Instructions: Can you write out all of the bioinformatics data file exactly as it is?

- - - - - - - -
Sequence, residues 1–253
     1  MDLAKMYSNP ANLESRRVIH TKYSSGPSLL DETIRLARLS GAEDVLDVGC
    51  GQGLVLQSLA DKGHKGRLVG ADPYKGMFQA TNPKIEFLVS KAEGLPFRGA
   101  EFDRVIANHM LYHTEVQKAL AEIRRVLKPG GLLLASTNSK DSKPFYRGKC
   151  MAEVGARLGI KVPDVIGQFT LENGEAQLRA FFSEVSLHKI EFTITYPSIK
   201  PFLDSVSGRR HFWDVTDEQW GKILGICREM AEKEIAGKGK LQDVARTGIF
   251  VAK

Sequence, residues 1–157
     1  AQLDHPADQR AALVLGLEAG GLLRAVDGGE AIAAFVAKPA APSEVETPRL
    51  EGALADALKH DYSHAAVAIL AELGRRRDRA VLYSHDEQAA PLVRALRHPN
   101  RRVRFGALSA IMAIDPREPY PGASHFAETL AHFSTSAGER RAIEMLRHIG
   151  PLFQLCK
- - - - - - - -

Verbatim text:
Sequence, residues 1–253
     1  MDLAKMYSNP ANLESRRVIH TKYSSGPSLL DETIRLARLS GAEDVLDVGC
    51  GQGLVLQSLA DKGHKGRLVG ADPYKGMFQA TNPKIEFLVS KAEGLPFRGA
   101  EFDRVIANHM LYHTEVQKAL AEIRRVLKPG GLLLASTNSK DSKPFYRGKC
   151  MAEVGARLGI KVPDVIGQFT LENGEAQLRA FFSEVSLHKI EFTITYPSIK
   201  PFLDSVSGRR HFWDVTDEQW GKILGICREM AEKEIAGKGK LQDVARTGIF
   251  VAK

Sequence, residues 1–157
     1  AQLDHPADQR AALVLGLEAG GLLRAVDGGE AIAAFVAKPA APSEVETPRL
    51  EGALADALKH DYSHAAVAIL AELGRRRDRA VLYSHDEQAA PLVRALRHPN
   101  RRVRFGALSA IMAIDPREPY PGASHFAETL AHFSTSAGER RAIEMLRHIG
   151  PLFQLCK